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About Culture and Cuisines of India

India has a rich and multi-layered culture dominated by religious and spiritual ethos. Indian cuisine is known for its large assortment of dishes. The cooking style varies from region to region, all with their own traditional preparation techniques and presentation styles – from the competing flavors of masterfully marinated meats and thalis to the simple splendor of vegetarian curries and deep-sea delights

North India Kashmiri cuisine has evolved over hundreds of years, and strongly represents several influences such as Central Asian, Persia, and the North Indian plains. The most notable ingredient in Kashmir cuisine is mutton (lamb), of which there are over 30 dishes.Wazwan, a multi-course meal in Kashmiri cuisine and a matterof pride in Kashmiri culture and identity, includes dishes that are meat-based (lamb, chicken, fish). Punjabi cuisine, on the other hand, can be non-vegetarian or completely vegetarian. Some favourites include stuffed paranthas and dairy products (especially paneer- Indian cottage cheese), Mah Di Dal (lentil) and Sasron Da Saag (mustard leaves). Tandoori food is a Punjabi speciality. Uttar Pradesh has also been greatly influenced by Mughal (Mughlai cuisine) cooking techniques which is very popular worldwide.

In North-east of India rice is the staple food. Rice served with Tengamach (sour fish) and Khar( alkaline) is a popular item on the menu. Boiled rice cakes wrapped in leaves is a favourite snack as is thukpa, a noodle soup. Popular dishes are jadoh, kikpu, tung-toh, and pickled bamboo shoots. Mizoram’s cuisine is a blend of Chinese and north Indian cuisines. Another common dish is Sawchair made of rice cooked with pork or chicken.

Central India cuisine varies from region to region, with the north and west of the state being mainly based around wheat and meat, and the wetter south and east being dominated by rice and fish. Central India Cities Gwalior and Indore abound in milk and milk-based preparations. Bhopal is known for meat and fish dishes such as rogan josh, korma, keema, biryani pilaf and kababs such as shami and seekh. A popular dish is the bafla (wheat cakes) dunked in rich ghee which are eaten with daal (a pungent lentil broth). Another popular dish in the Malwa region is poha (flattened rice), served mostly for breakfast.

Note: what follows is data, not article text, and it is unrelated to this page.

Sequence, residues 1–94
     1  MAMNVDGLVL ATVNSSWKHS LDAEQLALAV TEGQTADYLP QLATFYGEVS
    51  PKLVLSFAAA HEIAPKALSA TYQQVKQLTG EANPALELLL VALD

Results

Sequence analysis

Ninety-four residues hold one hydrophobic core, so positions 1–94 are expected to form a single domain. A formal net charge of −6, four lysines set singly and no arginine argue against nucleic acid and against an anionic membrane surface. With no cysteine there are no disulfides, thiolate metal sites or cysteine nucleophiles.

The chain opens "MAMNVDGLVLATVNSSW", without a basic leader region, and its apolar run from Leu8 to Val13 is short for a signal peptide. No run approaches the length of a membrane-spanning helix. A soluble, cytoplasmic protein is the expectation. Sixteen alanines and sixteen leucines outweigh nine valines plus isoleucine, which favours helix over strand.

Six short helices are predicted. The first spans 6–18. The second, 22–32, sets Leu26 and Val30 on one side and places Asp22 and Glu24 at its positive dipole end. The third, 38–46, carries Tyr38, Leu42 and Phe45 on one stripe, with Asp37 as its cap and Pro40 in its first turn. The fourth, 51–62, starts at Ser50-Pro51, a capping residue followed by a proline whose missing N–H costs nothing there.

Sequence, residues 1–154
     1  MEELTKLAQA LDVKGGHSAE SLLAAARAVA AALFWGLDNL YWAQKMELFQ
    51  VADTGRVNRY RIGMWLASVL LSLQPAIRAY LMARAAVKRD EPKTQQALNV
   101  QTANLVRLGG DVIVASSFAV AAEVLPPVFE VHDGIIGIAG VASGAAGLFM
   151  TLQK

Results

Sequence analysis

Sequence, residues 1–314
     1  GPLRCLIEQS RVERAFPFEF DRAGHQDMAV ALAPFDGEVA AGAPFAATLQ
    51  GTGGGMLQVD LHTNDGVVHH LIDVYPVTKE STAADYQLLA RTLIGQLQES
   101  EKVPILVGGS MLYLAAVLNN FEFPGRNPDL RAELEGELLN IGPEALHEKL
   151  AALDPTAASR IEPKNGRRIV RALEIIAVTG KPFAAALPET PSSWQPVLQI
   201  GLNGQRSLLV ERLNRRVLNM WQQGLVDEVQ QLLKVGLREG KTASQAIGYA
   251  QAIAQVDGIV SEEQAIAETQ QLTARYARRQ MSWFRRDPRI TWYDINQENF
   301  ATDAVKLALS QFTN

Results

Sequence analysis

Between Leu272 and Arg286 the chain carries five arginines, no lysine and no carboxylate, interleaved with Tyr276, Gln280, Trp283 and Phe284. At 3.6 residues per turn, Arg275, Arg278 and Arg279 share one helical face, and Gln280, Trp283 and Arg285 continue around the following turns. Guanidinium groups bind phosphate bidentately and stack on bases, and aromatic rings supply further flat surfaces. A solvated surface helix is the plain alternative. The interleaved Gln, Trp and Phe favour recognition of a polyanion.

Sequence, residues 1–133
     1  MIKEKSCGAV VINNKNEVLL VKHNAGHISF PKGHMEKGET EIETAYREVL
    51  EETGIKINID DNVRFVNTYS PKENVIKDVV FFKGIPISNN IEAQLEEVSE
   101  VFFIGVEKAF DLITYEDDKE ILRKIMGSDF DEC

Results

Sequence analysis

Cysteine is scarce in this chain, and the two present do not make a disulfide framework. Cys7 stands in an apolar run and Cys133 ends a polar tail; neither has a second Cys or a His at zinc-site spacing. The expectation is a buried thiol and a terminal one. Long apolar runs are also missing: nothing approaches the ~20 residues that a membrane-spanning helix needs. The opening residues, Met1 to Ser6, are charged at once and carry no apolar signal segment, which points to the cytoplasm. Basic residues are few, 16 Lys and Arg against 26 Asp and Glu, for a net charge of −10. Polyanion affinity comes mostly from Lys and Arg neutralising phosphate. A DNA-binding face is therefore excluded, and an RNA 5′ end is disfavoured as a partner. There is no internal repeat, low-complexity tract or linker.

In West India Seafood, coconut milk, rice and paste are main ingredients of Goan delicacies and use of Kokum is a distinct feature. Goan cuisine is mostly seafood based and incorporates several Portuguese influences. Coastal Maharashtra, loosely called the Konkan, boasts of its own Konkani cuisine, while the interior – the Vidarbha area -- has its own distinctive cuisine known as the Varadi cuisine. Gujarati cuisine is primarily vegetarian and dhokla is indisputably the most popular snack.

East India has an emphasis on fish and lentils served with rice as a staple diet, Bengali cuisine is known for its subtle flavours, its confectionaries and desserts, and use of panchphoran (or five spices - fenugreek, Nigella seed, cumin seed, radhuni and fennel seed in equal parts). Dairy products, such as yoghurt, buttermilk, butter, ghee (clarified butter), and lassi, are consumed in Bihar throughout the year. The traditionalpoha (flattened rice) with yoghurt and sugar is popular. Bihar is famous for Sattuparanthas, which are paranthas stuffed with fried chickpea flour, Chokha(spicy mashed potatoes).

In South India food from Andhra Pradesh is known for its heavy use of spices and chillies. Telugu cuisine has evolved separately from Hyderabadi cuisine, the most famous of which is theHyderabadi biryani, a mixture of rice, yoghurt, onions, meat and spices. In Karnataka, Masala Dosa, Rave Idli, and Maddur Vade are popular whiletheCoorg district is famous for spicy pork curries and coastal Karnataka has seafood specialities. Kerala cuisine has a multitude of dishes prepared using fish, poultry and meat. The cuisine of the union territory of Puducherry, a French settlement for centuries, has an innovative French and Indo style. Tamil food is characterised by the use of rice, legumes and lentils, its distinct aroma and flavour achieved by the blending of spices.

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